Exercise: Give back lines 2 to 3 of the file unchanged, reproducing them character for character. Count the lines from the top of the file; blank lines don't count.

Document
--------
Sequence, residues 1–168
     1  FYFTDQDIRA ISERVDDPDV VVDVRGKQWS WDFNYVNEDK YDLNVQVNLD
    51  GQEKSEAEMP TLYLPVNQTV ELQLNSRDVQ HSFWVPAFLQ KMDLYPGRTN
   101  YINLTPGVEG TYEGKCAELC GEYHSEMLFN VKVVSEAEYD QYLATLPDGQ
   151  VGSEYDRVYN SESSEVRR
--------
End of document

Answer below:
     1  FYFTDQDIRA ISERVDDPDV VVDVRGKQWS WDFNYVNEDK YDLNVQVNLD
    51  GQEKSEAEMP TLYLPVNQTV ELQLNSRDVQ HSFWVPAFLQ KMDLYPGRTN